asked the Minister for Agriculture and Fisheries the present position regarding the marketing prospects of home grown onions.
Ceisteanna—Questions. Oral Answers. - Onion Industry.
The existing prohibition on the import of onions which has continued since the 15th May, 1971, will be maintained until growers have had a reasonable opportunity to dispose of home grown onions of marketable quality.
Is the Parliamentary Secretary aware that it is difficult to dispose of onions at a reasonable price at present and can he say what help growers can expect from the Department in this regard? Is it not true that, if and when we become members of the EEC, onions are out so far as Ireland is concerned?
That is not so. At present the home market for onions is protected. The Deputy has said that growers are experiencing difficulties now. When we are members of the EEC and have reached the end of the transitional period, I cannot see any reason why home produced onions should not be able to stand up to the competition of imported onions. I am referring now to home grown onions of good quality. I would not say that the growers have anything to fear.
What is the future for the onion industry? I am very interested in the answer because there are at least 230 acres devoted to onion growing in my constituency. The crop yields a production of about 3,000 tons and there are about 300 families involved. Since the onion industry was established in Kerry, growers have had protection for their market from mid-May each year until the crop had been sold in the following March or April. Now we are told that when we join EEC there will be no future for this industry because the embargo will be removed. We want a statement from the Parliamentary Secretary on this matter. The growers want to know what the future holds for them. There will be a free-for-all situation after January of 1973 and we are told that the tariffs will be reduced by 20 per cent until 1978. How will our people compete with foreign producers?
The Parliamentary Secretary does not know his onions.
Both Deputies Murphy and Spring have mentioned the difficulties of the onion industry at present. However, I am sure they would both agree that this difficulty has not resulted from competition from imported onions. Deputy Spring's statement that membership of the EEC will mean the end of the onion industry here is incorrect. I do not think that our membership of the Community will have any effect on good quality home produced onions.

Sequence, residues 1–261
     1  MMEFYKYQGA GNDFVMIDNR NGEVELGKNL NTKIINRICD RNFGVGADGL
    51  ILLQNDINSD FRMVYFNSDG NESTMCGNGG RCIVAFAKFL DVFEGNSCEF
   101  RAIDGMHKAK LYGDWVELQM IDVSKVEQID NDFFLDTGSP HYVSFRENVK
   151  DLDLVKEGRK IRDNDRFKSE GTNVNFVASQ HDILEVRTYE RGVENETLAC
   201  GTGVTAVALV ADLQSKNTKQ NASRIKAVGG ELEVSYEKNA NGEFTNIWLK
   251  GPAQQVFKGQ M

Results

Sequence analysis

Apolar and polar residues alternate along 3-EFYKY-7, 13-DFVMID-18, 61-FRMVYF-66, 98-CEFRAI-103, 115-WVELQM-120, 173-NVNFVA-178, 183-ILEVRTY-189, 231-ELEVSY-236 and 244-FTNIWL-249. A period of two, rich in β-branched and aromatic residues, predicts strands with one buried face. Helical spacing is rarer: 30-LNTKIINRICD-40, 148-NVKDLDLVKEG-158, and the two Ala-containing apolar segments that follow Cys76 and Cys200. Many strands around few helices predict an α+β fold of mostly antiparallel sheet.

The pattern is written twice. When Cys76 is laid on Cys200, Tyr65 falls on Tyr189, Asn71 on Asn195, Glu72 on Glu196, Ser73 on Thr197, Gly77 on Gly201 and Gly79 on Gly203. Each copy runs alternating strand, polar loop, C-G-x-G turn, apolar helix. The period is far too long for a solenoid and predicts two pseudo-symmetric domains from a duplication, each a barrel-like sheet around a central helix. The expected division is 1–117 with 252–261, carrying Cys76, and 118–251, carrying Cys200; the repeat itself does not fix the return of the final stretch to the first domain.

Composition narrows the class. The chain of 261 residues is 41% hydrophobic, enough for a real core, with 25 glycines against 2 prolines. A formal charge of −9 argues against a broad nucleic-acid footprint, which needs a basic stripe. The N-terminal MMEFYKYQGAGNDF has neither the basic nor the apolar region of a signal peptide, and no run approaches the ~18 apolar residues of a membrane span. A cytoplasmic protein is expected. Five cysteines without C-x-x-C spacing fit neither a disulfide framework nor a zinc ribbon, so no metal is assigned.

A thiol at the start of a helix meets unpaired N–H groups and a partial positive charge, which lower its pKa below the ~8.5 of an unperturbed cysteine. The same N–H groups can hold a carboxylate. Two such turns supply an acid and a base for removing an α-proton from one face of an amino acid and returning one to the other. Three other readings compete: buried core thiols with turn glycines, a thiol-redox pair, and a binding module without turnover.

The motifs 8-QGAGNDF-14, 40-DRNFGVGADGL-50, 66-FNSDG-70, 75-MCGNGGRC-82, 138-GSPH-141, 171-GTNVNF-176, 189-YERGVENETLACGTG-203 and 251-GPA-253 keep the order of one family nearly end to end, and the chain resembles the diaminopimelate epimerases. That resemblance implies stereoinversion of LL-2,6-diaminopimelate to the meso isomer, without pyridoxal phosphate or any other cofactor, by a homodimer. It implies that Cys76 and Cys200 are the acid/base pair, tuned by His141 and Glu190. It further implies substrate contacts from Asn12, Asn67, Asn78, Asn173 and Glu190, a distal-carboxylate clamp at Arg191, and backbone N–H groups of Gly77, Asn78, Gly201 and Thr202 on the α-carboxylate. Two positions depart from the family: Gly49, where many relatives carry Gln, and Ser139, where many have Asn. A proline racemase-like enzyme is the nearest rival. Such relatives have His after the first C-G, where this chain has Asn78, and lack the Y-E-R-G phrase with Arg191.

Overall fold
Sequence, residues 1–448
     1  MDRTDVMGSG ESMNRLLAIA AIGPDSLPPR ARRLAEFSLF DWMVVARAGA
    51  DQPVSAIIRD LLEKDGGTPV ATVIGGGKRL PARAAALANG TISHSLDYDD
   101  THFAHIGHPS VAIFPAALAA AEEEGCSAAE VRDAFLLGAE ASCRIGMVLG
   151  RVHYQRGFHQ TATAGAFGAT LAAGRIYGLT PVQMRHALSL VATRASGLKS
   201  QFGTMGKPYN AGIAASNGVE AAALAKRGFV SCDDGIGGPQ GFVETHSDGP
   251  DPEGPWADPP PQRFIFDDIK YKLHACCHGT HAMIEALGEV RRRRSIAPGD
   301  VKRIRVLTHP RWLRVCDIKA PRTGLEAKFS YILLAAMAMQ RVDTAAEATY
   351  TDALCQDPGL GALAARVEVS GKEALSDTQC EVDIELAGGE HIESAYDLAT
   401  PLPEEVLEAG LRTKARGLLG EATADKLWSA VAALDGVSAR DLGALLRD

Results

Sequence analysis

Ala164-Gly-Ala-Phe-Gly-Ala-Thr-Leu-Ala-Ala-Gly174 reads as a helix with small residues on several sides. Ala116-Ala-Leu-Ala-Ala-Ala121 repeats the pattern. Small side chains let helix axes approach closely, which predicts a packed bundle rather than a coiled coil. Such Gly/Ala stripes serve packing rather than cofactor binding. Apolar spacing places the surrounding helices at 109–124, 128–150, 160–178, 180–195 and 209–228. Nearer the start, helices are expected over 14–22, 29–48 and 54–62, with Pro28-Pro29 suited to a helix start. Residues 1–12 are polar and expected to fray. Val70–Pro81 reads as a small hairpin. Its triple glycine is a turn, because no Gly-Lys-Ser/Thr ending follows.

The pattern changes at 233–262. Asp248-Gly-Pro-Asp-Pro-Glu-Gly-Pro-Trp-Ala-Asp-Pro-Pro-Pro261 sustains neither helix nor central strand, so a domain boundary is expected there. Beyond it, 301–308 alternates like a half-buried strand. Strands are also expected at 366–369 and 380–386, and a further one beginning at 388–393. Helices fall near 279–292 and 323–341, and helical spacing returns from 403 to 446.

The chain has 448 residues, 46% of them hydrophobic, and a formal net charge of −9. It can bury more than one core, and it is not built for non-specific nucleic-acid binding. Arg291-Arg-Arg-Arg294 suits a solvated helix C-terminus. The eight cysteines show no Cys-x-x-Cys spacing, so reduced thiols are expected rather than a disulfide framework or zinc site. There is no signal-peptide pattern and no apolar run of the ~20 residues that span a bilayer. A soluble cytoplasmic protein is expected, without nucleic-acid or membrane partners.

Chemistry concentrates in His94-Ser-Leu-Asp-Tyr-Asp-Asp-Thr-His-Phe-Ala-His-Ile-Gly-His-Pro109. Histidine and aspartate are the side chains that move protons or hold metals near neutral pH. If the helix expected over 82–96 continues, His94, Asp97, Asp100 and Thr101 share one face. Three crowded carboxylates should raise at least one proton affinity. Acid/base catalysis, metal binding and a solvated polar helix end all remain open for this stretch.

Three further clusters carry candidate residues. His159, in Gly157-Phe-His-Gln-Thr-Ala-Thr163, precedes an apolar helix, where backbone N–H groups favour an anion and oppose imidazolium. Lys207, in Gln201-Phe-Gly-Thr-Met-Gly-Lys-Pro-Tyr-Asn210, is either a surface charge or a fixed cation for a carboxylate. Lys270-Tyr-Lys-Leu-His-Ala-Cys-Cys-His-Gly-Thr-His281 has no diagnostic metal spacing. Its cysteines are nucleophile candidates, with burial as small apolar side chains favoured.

Why, then, is there an embargo on imports?
I see no reason why the home produce should not be successful on the home market.
Is the Parliamentary Secretary aware that the embargo is imposed for almost the entire year and——
We cannot have a debate on onions at this stage.
I attended a meeting yesterday of growers from the Castlegregory area and these growers are told to get out of onions as quickly as possible. They could be given no guarantee for the future.
I would not agree.
asked the Minister for Agriculture and Fisheries if he received a request to send an official from his Department to discuss the future of the onion industry with the Kerry Committee of Agriculture; if so, if he will make a statement on the matter.
In response to the request from the Kerry County Committee of Agriculture a senior officer of my Department attended a meeting of the committee on the 14th of this month.
That is the meeting I have referred to. The official concerned could give no guarantee for the future of the industry and advised growers to go into another line. This year I understand that the embargo will continue until the month of June. When there are difficulties now, how can the growers be expected to compete with foreign growers?
This would bring tears to the eyes.
I wonder whether we could get away from onions and move on to Question No. 35?
I wonder why we could not have more confidence in quality home produced onions.
We were told that the tariffs will begin to be removed in 1973——
That is correct.
——and that by 1978 they will be removed entirely. How are our growers to compete with foreign growers?
What advantage has any foreign grower got over us?
Would the Parliamentary Secretary move on to Question No. 35?